Talk to your elderly parent’s doctor

Your parent’s GP or healthcare provider will have dealt with similar situations before. Try giving them a call to discuss your concerns and get a better idea of what treatment is needed.

In some cases, if your parent has mental health issues or conditions such as dementia, he or she may be unable to make important decisions. In this instance, you may need to look into getting power of attorney to access their medical information and help make these difficult decisions on their behalf.

Questions to ask the doctor about your elderly parent

When caring for an elderly parent, effective communication with their healthcare provider is crucial. Asking the right questions can help you better understand your parent’s health, treatment options, and overall care plan. Here is a list of questions to consider asking the doctor:

  • what is the diagnosis? Can you explain it in simple terms?
  • are there any other medical issues that may be affecting my parent’s health?
  • what are the available treatment options?
  • are there alternative therapies or lifestyle changes that could be beneficial?
  • what are the potential benefits and risks of each treatment option?
  • what medications are prescribed, and what are they for?
  • are there potential side effects with other medications?
  • how should the medications be taken, and are there any specific instructions or precautions?
  • what signs or symptoms should we look out for?
  • how often should my parent have follow-up appointments?
  • are there specific tests or monitoring that should be done regularly?
  • what signs should prompt us to seek immediate medical attention?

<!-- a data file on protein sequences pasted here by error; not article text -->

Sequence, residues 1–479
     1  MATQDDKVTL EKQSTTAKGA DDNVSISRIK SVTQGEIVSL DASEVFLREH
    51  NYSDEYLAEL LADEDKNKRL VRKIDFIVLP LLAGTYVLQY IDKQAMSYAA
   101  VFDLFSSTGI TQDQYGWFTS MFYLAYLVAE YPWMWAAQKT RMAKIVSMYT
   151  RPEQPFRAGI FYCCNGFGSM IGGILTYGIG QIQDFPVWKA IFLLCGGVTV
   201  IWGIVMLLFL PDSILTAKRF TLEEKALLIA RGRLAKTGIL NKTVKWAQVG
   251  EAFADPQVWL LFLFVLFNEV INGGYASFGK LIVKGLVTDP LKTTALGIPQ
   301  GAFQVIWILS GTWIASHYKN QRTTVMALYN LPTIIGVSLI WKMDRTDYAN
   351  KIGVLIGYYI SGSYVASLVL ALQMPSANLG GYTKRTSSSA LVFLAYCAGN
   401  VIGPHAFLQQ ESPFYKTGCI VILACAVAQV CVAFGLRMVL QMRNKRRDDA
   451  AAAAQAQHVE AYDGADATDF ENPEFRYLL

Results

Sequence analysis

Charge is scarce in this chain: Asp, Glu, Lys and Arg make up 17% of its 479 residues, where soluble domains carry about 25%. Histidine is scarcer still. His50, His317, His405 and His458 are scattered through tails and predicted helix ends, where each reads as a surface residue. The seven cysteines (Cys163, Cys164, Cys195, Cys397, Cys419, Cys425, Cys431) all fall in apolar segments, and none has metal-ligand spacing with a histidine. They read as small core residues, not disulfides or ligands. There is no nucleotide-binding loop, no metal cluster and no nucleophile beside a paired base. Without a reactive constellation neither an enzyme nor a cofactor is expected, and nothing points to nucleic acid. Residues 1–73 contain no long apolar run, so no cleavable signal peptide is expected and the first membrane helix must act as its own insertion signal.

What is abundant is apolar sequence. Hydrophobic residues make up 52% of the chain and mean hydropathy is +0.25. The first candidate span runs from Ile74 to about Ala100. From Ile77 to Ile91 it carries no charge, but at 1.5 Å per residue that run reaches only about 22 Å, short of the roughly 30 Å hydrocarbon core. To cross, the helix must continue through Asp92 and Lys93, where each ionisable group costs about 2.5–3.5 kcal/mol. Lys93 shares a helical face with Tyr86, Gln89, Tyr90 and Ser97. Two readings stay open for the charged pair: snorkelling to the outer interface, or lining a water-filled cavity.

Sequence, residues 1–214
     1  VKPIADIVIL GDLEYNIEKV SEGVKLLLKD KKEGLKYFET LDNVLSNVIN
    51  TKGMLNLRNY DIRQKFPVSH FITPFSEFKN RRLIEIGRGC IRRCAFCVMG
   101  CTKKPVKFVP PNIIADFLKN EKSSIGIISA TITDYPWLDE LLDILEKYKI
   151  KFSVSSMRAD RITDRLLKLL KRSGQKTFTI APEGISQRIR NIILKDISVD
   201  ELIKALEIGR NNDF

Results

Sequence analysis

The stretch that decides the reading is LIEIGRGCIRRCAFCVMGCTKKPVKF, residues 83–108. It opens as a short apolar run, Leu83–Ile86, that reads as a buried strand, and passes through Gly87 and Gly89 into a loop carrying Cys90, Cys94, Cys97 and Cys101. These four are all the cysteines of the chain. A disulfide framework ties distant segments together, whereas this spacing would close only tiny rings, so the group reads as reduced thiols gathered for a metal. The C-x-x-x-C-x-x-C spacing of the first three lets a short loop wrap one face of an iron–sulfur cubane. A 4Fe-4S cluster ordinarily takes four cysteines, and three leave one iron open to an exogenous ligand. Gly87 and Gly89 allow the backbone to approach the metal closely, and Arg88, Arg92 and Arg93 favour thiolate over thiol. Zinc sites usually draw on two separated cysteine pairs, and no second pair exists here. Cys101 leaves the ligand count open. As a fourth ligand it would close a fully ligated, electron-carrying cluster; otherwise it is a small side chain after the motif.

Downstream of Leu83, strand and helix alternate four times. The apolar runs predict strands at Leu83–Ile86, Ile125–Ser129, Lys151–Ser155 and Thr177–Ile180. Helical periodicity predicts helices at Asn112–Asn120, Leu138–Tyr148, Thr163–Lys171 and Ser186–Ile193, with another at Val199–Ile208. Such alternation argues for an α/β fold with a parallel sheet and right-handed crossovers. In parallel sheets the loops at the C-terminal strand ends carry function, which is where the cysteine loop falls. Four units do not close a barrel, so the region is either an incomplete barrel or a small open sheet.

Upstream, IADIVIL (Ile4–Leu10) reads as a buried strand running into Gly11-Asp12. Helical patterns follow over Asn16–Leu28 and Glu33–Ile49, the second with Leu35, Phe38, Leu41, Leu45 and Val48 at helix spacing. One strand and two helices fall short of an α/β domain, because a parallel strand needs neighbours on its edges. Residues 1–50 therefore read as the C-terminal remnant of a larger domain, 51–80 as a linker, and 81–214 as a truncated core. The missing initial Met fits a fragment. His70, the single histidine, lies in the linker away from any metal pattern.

• are there specific day-to-day activities my parent should do or not do?
  • do you recommend any home modifications or additional support services?
  • are there resources or support groups for both my parent and myself as a caregiver?
  • are there specialists or other healthcare professionals we should coordinate with?
  • should we consider live-in care, assisted living, or hospice options?

Dealing with an elderly parent refusing medical treatment can be emotionally taxing and exhausting. However, it’s important to approach the situation with empathy and understanding. By trying these tips and addressing the root causes of their resistance, you can work towards ensuring your parent receives the medical attention they need.

Find a healthcare provider you can trust

From hip replacement surgery to cataract treatments, we provide hundreds of private medical treatments every month. We’re particularly experienced in working with older patients, helping them get back to feeling more like themselves.

Your mother or father could benefit from:

  • shorter wait for treatment
  • more affordable prices
  • access to first-class specialists across the UK at a location that suits them.

Elderly parent care FAQs

If you haven’t found the answer to your concerns, check out our frequently asked questions about medical care for elderly relatives.

Adults generally have the legal right to make their own decisions about medical treatment. However, there are certain situations where medical treatment may be provided against a person’s wishes. This is typically in exceptional circumstances and subject to legal and ethical considerations. For example, if a dementia patient is deemed to lack mental capacity or in an emergency situation.

If you are facing a situation where you believe your parent needs medical treatment but is refusing it, consult with healthcare professionals, social workers, or legal professionals who can provide guidance.

Ensuring a loved one’s health while respecting their autonomy can be a balancing act. The key is to maintain open communication, involve healthcare professionals when necessary, and follow the tips set out above.

In addition to the tips shared above, you could try:

  • sharing your concerns about their health, mentioning specific symptoms to help persuade
  • providing more information about the possible treatment options
  • sharing success stories where others have had positive outcomes for similar treatments
  • asking other family members for help.